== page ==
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Since 1900, the connections between art and technology with nature have become increasingly inextricable. Through a selection of innovative readings by international scholars, this book presents the first investigation of the intersections between art, technology and nature in post-medieval times. Transdisciplinary in approach, this volume's 14 essays explore art, technology and nature's shifting constellations that are discernible at the micro level and as part of a larger chronological pattern. Included are subjects ranging from Renaissance wooden dolls, science in the Italian art academies, and artisanal epistemologies in the followers of Leonardo, to Surrealism and its precursors in Mannerist grotesques and the Wunderkammer, eighteenth-century plant printing, the climate and its artistic presentations from Constable to Olafur Eliasson, and the hermeneutics of bioart. In their comprehensive introduction, editors Camilla Skovbjerg Paldam and Jacob Wamberg trace the Kantian heritage of radically separating art and technology, and inserting both at a distance to nature, suggesting this was a transient chapter in history. Thus, they argue, the present renegotiation between art, technology and nature is reminiscent of the ancient and medieval periods, in which art and technology were categorized as aspects of a common area of cultivated products and their methods (the Latin ars, the Greek techne), an area moreover supposed to imitate the creative forces of nature.
Pictures of animals are now ubiquitous, but the ability to capture animals on film was a significant challenge in the early era of photography. In Developing Animals, Matthew Brower takes us back to the time when Americans started taking pictures of the animal kingdom, at the beginning of the twentieth century, the moment when photography became a mass medium and wildlife photography an increasingly popular genre.Developing Animals compellingly investigates the way photography changed our perception of animals. Brower analyzes how photographers created new ideas about animals as they moved from taking pictures of taxidermic specimens in so-called natural settings to the emergence of practices such as camera hunting, which made it possible to capture images of creatures in the wild.By combining approaches in visual cultural studies and the history of photography, Developing Animals goes further to argue that photography has been essential not only to the understanding of wildlife but also to the conceptual separation of humans and animals.
Marianne North was a remarkable Victorian traveller and painter, who traversed the globe recording the world's flora with her paintbrush and writing her experiences in her journal. In 1879 she offered her painting collection numbering over 800 to the Royal Botanic Gardens, Kew, and at her own expense built a gallery to house them. Marianne stayed closely involved with the project, painting beautiful decorative motifs on the interior door panels and surrounds. For the first time, this unique and stunning book brings together all of Marianne North's Kew collection. The paintings are arranged geographically as they appear in the Gallery, and Marianne's original titles are included alongside each painting. With an introduction by Christopher Mills, former Head of Kew's Library, Art and Archives. This is a beautiful gift souvenir in celebration of a stunning body of work.
A magnificent pictorial document of the flowers grown in the greatest German garden of its time, the Hortus Eystettensis is in a class of its own when it comes to the range of flowers engraved. First published in 1613, the 367 copperplate engravings by Basilius Besler (1561-1629) capture the spectacular diversity of the palatial gardens of Prince-Bishop Johann Konrad von Gemmingen (1593/95-1612) in Eichstatt, Bavaria, Germany. The meticulous illustrations are organized according to the four seasons, and, following the classification system used today, show plants belonging to a total of 90 families and covering 340 genera. The whole collection is regarded as one of the finest treasures of botanical literature; it was described by Carl Linnaeus, the legendary 18th-century botanist and zoologist, as an "incomparable work." Besler's pictorial catalog long outlived the gardens, which were destroyed in 1634 by invading Swedish troops. In auction, the asking price for a first-edition copy of Hortus Eystettensis is now more than half a million dollars. With this edition, TASCHEN opens up the garden to a much wider audience: a rich and beautiful record, destined to keep the garden's beauty in bloom.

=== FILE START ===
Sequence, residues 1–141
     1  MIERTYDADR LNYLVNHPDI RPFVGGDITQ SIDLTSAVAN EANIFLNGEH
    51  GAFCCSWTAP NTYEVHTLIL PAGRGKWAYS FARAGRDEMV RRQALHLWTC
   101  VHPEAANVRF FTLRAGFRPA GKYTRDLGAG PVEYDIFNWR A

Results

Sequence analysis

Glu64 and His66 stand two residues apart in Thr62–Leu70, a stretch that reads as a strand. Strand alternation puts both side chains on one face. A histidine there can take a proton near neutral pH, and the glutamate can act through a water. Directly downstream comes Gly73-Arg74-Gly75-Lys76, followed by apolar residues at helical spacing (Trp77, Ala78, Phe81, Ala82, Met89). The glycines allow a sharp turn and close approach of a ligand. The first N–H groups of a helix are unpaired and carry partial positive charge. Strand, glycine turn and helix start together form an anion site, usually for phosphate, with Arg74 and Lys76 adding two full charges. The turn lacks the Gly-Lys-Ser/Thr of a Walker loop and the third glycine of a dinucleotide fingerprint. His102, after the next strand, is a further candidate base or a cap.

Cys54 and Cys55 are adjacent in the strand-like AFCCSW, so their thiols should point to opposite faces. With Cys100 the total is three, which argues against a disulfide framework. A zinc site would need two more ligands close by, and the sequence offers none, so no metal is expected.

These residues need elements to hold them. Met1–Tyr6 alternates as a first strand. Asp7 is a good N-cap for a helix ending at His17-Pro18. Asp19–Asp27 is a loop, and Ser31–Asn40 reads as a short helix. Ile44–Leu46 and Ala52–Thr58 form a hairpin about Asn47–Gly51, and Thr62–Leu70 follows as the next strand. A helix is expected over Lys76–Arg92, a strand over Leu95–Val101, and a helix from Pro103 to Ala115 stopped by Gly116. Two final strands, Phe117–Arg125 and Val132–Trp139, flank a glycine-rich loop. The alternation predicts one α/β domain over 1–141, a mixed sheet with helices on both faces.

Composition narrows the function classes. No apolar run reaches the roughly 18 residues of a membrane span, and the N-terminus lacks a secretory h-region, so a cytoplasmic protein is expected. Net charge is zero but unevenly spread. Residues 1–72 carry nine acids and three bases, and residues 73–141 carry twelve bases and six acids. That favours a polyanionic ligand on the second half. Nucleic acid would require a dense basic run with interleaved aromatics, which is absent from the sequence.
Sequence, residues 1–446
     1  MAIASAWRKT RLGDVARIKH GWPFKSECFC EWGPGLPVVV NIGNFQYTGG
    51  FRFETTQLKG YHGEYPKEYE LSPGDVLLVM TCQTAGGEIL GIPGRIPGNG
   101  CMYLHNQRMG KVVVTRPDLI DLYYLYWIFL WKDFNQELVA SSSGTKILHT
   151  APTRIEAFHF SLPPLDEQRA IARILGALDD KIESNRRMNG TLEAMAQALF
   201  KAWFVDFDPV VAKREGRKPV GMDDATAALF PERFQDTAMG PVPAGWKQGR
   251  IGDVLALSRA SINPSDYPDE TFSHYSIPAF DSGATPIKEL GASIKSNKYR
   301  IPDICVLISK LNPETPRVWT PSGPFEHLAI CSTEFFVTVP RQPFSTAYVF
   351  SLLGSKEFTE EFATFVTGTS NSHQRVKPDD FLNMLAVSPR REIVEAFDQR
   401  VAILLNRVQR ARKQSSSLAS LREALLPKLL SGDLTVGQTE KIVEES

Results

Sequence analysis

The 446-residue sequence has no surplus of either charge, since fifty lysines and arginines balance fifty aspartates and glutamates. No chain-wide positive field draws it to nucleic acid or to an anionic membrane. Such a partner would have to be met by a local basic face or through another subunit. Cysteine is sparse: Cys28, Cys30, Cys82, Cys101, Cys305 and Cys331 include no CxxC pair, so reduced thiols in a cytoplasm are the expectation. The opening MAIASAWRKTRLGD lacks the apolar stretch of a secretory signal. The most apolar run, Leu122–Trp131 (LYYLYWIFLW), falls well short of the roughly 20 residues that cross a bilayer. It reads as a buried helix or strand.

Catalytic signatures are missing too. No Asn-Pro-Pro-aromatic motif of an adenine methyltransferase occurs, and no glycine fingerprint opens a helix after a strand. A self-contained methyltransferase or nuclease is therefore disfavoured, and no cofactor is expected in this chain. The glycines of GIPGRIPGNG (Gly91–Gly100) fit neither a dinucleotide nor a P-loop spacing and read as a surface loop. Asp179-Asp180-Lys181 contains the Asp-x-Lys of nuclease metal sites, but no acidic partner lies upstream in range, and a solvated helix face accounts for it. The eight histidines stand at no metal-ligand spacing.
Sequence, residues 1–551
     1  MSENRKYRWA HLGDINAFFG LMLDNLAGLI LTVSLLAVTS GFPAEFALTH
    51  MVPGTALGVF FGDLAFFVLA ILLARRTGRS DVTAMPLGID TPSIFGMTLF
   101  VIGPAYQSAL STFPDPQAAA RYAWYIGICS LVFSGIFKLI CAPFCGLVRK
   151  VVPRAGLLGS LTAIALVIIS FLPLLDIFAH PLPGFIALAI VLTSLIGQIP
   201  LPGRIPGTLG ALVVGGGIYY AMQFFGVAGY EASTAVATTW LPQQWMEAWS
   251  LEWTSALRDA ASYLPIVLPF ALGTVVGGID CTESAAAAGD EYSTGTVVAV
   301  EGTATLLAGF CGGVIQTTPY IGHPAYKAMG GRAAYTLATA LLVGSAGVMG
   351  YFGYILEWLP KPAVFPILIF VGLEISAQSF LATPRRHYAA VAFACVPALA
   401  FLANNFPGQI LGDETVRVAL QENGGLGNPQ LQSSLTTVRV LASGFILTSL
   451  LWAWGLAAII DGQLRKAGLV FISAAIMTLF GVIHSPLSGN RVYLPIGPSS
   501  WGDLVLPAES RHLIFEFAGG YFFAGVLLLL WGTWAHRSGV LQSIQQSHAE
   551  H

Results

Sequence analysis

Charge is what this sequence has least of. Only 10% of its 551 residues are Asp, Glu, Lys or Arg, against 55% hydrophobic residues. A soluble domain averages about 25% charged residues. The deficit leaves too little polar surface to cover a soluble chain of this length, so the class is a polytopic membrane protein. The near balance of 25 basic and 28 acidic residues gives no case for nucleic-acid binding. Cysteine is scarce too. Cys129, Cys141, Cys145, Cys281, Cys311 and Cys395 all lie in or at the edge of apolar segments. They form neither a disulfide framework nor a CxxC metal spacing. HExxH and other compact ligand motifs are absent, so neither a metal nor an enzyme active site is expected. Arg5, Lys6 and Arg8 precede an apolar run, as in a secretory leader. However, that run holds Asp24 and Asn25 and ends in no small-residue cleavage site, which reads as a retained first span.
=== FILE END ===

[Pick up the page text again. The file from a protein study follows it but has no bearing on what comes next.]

Insects have captivated artists for centuries, as shown in their re-creations of them in gold, canvas, fabric, marble, wood, and other media. This book displays 39 contemporary artists' insect-centric works, showing the extent to which insects fascinate twenty-first century artists and scientists. These American and international artists have many magical and discerning ways to approach their buggy subjects, which each artist explains in their own words. Nearly one million different described species of insects are known today. Now those colorful butterflies, iridescent beetles, little ladybugs, and lacy dragonflies can be with us permanently in many graceful arrangements and a variety of media!
In the early seventeenth century there was eager interest, among the leisured classes, in fruits from the Mediterranean and beyond, not least for the kitchen gardens and orchards of England's grand houses. The volume of charming, vibrant, almost primitif watercolour paintings of orchard fruits on the branch, popularly known as 'Tradescants' Orchard', is a precious and fragile relic of this era of broadening horticultural horizons. This manuscript, traditionally associated with the renowned plantsmen, the John Tradescants, was among the eclectic collections of Elias Ashmole (1617-1692), which came to form the basis of the Ashmolean Museum in Oxford. Then, in 1860 it was transferred to the Bodleian Library. It has been quietly recognized as a mysterious treasure, yet the paintings raise many unanswered questions. Who painted them, and for whom? What was their purpose? Only one apple is represented - were there once others, now missing? Whose handwriting appears in the manuscript? Why did the artist paint wildlife such as birds, frogs and butterflies on many of the folios? All sixty-six of the original illustrations are reproduced here in facsimile for the first time, following a general introduction which maps out the mystery of why and how these beguiling watercolours came to be commissioned and made.